Relevance to managers:

The mechanical only treatment was characterized by the following 7-year changes:

  • Little mortality
  • Increased stand growth (as a response to the harvest)
  • Eventual decomposition of the activity fuel that was created during the harvest

The fire only treatment was characterized by:

  • Lots of immediate and delayed mortality, especially in small and medium sized trees
  • A reduction in surface fuels that persisted
  • A flat rate of stand growth (probably because of fire-caused mortality and possibly decreased vigor of individual trees).

The paper discusses the potential to realize the benefits of both mechanical and fire reduction treatments by doing a “staged treatment.” Specifically, they suggest conducting a mechanical treatment (including the removal or chipping of small trees in addition to medium sized trees) and then waiting for 10 years or so before conducting a prescribed fire as a way to maintain the low fire hazard.

Of course, if one likes the benefits of either mechanical treatments (the clear winner from a timber perspective), or if they like the benefits of burning (other organisms can surf in the ecological wake of a prescribed fire) then this study’s results also suggests that you can probably keep doing either thing repeatedly and get the particular benefits associated with that treatment, while also reducing fire hazard.

Critique (I always have one, no matter how good the article is):

One of the surprising results is not explained in this paper. Somehow, the height to crown base decreased in the mechanical treatment between year 1 and year 7. It is not a big deal in terms of the results, because fire hazard decreased in the mechanical treatment in spite of this odd result. But I can’t think of a way in which crown base would have decreased unless there was either lots of ingrowth or epicormic sprouting. But tree density did not increase and canopy cover did increase, which suggests that there was not much ingrowth of smaller trees. And epicormic sprouting doesn’t make much sense either, since only white fir commonly has epicormic sprouts in this forest and I haven’t seen it occur much as a response to light thinning. The method of measuring height to crown base could have changed, which would be measurement error. Or, perhaps the way in which crown base was estimated with the FVS model had something to do with it. The reader is left to make their own speculation, since one was not provided by the authors.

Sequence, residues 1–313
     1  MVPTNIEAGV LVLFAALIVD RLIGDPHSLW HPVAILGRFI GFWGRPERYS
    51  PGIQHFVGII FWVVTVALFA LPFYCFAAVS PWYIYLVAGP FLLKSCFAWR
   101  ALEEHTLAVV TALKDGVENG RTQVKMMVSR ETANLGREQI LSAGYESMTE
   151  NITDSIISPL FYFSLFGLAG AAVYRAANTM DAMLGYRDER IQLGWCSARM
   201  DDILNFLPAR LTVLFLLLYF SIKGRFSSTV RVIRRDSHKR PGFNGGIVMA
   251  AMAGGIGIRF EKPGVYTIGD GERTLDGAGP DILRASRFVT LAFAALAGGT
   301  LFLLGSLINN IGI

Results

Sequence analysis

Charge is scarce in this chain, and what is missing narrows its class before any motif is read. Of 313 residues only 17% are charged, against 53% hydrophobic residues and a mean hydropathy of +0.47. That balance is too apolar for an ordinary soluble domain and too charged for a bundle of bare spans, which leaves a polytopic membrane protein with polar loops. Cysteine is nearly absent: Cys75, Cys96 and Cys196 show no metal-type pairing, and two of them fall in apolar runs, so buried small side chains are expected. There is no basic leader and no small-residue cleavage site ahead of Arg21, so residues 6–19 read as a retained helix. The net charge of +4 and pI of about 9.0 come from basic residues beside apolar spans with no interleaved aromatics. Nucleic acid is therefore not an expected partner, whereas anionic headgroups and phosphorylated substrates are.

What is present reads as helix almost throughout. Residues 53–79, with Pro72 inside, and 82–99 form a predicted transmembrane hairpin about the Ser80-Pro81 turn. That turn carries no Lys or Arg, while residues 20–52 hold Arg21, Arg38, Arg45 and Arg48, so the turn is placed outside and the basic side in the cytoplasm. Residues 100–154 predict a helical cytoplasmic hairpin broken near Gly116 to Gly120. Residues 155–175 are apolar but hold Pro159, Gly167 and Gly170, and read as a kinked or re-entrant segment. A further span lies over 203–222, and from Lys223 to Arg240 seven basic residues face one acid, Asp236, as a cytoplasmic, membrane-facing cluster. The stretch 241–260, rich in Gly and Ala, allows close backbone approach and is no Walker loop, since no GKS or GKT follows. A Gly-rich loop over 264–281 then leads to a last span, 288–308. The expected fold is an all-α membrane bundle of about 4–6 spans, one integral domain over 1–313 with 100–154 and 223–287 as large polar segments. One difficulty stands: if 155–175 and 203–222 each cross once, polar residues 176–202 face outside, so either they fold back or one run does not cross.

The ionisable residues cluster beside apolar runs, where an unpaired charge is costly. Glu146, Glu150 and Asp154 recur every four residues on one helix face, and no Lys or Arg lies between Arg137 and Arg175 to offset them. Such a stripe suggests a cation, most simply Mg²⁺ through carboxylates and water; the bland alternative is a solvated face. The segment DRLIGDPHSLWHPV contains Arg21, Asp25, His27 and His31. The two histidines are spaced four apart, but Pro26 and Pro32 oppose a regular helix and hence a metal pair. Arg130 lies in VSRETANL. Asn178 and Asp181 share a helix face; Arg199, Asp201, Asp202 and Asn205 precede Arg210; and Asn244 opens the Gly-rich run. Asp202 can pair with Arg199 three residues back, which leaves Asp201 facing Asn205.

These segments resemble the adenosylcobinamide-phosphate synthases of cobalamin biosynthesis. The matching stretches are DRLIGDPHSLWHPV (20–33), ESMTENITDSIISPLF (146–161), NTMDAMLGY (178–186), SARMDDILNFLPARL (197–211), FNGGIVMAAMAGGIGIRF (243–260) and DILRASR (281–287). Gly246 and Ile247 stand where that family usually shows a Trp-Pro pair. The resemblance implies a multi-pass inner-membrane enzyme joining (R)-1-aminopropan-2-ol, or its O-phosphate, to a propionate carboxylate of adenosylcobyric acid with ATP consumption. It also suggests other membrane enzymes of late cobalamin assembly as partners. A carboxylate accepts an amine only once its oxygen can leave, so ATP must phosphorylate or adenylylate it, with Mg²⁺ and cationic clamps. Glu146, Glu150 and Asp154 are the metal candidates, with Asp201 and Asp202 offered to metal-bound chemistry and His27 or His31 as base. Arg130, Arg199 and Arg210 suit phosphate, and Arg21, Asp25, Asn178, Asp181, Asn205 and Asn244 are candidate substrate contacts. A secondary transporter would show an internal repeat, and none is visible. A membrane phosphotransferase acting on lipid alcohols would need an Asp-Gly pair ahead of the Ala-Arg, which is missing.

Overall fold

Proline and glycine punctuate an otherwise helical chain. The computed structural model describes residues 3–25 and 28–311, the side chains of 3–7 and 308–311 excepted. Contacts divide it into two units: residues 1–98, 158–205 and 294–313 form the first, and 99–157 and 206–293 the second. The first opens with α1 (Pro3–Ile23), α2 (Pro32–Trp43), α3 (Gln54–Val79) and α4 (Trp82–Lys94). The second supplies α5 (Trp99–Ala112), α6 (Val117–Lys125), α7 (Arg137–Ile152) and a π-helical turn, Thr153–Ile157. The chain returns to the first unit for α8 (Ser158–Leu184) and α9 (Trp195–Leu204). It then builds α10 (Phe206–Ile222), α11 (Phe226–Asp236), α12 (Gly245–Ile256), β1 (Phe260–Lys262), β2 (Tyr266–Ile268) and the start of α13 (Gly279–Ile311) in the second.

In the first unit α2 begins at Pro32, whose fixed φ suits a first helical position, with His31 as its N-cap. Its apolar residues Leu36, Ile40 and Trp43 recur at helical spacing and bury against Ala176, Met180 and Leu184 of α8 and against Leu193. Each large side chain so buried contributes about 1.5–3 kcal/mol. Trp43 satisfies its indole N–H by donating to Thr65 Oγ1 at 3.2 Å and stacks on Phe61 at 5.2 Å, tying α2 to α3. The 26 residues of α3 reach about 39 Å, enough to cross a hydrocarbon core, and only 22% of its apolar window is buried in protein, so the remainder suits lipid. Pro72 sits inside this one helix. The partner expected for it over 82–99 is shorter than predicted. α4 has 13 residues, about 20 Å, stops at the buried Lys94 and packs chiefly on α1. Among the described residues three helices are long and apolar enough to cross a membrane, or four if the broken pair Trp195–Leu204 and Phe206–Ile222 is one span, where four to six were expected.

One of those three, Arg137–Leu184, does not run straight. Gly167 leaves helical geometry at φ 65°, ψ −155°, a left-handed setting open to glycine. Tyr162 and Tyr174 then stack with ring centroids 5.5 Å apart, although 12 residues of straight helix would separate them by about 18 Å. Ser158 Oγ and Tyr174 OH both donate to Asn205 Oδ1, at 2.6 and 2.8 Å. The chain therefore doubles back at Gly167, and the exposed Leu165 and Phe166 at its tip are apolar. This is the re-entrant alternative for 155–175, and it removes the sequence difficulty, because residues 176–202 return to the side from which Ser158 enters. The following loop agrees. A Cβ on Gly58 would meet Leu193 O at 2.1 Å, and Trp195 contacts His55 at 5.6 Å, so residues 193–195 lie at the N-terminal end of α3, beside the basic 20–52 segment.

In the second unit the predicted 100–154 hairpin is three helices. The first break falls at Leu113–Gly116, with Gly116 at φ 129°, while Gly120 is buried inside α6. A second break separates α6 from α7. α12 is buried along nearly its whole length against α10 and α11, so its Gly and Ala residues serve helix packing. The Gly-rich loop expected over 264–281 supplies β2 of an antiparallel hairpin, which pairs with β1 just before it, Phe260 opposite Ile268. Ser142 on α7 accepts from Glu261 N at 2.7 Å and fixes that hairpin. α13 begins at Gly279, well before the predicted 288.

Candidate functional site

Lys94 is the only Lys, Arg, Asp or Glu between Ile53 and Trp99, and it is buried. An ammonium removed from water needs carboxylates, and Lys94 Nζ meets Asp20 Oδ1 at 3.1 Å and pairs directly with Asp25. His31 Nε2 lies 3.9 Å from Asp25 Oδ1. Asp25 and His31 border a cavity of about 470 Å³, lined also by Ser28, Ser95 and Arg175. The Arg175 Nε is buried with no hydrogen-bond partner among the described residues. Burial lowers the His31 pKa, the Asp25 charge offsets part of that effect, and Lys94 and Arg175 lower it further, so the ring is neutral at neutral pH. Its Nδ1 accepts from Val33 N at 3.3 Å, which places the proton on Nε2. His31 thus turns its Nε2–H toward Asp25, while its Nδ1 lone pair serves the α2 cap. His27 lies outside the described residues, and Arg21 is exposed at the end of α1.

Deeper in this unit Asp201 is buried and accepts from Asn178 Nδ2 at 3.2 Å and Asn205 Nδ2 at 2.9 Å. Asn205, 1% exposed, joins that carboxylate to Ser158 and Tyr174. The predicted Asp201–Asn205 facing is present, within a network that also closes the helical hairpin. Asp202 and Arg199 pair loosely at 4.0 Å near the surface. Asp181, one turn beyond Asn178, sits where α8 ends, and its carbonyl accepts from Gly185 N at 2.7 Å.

There is some minor conflation between tree and stand growth in the discussion. They state that tree growth “stagnated” following the fire treatments, but mortality is not taken into account. And as far as I can tell, the fire only treatment actually caused a reduction in density (from fire-caused mortality) without a corresponding decrease in basal area. This would actually represent a growing stand in my mind (or at least not a “stagnating” one). Individual trees obviously aren’t all healthy since some are dying, but on balance the stand is growing. This would suggest that the survivors are growing. A more accurate analysis of stand or tree level growth would include a more detailed profiling of diameter distributions as well as ingrowth and mortality.

Some silvicultural terms used could have been chosen better. They say that the mechanical treatment was a thin from below followed by a crown thinning. This might suggest to some that the second thing done was a harvest of the largest trees. But in fact the second treatment was also a thin from below to a basal area threshold. It involved some medium sized trees, but it was never a large tree harvest.   

Posted on Friday, January 18, 2013 at 1:03 PM